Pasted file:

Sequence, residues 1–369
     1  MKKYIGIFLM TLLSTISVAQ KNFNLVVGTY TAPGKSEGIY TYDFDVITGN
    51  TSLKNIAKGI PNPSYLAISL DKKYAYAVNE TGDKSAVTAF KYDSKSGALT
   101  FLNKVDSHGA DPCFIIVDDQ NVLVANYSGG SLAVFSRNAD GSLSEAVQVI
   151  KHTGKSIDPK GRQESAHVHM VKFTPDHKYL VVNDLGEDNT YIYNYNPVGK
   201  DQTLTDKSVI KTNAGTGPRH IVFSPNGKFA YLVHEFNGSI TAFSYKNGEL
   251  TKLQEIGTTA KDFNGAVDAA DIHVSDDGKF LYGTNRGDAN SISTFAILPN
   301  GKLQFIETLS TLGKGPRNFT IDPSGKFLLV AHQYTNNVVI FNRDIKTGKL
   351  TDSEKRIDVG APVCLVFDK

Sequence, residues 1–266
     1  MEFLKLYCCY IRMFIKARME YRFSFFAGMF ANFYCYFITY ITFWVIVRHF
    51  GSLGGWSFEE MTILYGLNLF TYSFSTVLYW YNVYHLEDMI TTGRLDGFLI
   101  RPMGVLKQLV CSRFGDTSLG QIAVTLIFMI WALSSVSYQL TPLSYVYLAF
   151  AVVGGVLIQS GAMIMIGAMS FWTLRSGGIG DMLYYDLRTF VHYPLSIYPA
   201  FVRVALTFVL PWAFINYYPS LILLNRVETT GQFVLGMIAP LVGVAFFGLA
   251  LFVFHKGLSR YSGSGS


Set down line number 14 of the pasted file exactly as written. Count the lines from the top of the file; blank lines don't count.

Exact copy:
   151  AVVGGVLIQS GAMIMIGAMS FWTLRSGGIG DMLYYDLRTF VHYPLSIYPA